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Case Reports in Dentistry
Volume 2014, Article ID 698538, 5 pages
Case Report

Iatrogenic Displacement of a Foreign Body into the Periapical Tissues

1Endodontic Postgraduate Program, CUCS, University of Guadalajara, Guadalajara, JAL 44340, Mexico
2Biomedical Sciences Research Institute, Endodontic Postgraduate Program, CUCS, University of Guadalajara, Guadalajara, JAL 44340, Mexico

Received 29 August 2014; Accepted 22 October 2014; Published 11 November 2014

Academic Editor: José López-López

Copyright © 2014 Hugo Plascencia et al. This is an open access article distributed under the Creative Commons Attribution License, which permits unrestricted use, distribution, and reproduction in any medium, provided the original work is properly cited.


The presence of a foreign body in the periapical tissues can cause endodontic failure by triggering an inflammatory response and a subsequent foreign body reaction. This inflammatory response, which can occur to varying degrees, appears radiographically as a radiolucency that can remain asymptomatic for many years. A foreign object can reach the apical region by accident or iatrogenic procedures during dental procedures. The aim of the present case report is to describe the endodontic surgical treatment of an iatrogenic displacement of a foreign body (a metal fragment) into the periapical tissues and to describe its clinical and radiographic follow-up over a period of 52 months.

1. Introduction

Root canal therapy is a reliable and predictable procedure with high short- and long-term success rates; nevertheless, endodontic failure can occasionally result from this treatment. Endodontic failure is usually associated with the persistence of bacteria within the root canal system [1]; however, Nair [2] has reported that another less common cause of endodontic failure is the presence of a foreign body in the periapical tissues.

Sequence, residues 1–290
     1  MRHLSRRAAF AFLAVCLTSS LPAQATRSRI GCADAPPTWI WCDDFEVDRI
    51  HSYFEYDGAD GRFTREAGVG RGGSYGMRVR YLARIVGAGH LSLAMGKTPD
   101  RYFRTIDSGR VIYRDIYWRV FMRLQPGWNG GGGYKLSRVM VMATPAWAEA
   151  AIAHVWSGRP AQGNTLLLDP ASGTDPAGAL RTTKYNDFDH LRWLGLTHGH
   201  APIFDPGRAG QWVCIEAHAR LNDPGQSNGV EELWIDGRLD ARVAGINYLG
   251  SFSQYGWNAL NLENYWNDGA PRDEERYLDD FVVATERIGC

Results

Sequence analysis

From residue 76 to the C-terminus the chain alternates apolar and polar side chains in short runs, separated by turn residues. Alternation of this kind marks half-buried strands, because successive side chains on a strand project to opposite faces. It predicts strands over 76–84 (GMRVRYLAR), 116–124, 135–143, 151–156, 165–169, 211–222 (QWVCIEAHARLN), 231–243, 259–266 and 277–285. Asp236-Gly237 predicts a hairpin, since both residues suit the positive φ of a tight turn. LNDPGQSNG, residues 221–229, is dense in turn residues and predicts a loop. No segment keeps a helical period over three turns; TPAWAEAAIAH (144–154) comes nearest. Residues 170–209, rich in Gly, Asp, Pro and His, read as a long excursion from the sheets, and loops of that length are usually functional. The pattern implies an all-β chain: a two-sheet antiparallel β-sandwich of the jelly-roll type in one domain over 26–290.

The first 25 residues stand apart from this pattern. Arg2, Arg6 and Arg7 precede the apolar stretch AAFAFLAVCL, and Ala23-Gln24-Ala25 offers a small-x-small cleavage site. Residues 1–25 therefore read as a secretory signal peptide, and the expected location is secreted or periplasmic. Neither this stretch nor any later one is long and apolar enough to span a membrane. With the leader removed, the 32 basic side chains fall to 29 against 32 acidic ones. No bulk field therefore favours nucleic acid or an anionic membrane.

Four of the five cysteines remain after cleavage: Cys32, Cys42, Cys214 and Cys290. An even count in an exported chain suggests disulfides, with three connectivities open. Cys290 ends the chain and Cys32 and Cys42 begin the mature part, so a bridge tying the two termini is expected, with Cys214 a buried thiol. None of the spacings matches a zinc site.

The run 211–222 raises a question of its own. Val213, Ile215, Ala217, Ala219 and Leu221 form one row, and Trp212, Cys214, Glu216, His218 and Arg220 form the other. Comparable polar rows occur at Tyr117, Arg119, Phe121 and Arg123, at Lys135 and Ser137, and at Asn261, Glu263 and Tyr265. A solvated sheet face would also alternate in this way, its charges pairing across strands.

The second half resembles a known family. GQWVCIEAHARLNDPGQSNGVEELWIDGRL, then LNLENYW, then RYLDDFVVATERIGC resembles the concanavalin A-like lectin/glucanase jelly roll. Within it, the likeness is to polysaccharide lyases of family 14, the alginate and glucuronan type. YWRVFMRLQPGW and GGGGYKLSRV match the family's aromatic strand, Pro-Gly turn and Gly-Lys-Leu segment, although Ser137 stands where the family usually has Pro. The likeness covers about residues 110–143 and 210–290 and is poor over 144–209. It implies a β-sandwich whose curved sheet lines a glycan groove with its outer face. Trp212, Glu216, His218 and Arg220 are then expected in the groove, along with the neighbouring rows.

The apical periodontium can encapsulate different irritants with collagen fibers and even has been shown to heal in the presence of a foreign object [3]. Nonetheless, an intense inflammatory response characterized by abundance of macrophages and giant cells and a subsequent foreign body reaction can also be observed. This inflammatory response is often associated with the formation of a completely asymptomatic periapical radiolucent lesion [4, 5].

Foreign bodies can be forced into the periapical region by three different ways: (i) compacting food in teeth with a necrotic pulp and destroying the pulp chamber [6], (ii) a patient intentionally introducing objects into his or her mouth [7], and (iii) accidentally displacing a foreign body during dental procedures [8]. Therefore, the aim of this case report is to describe the endodontic surgical treatment and subsequent long-term clinical and radiographic follow-up of an iatrogenic displacement of a foreign body into the periapical tissues through the root canal.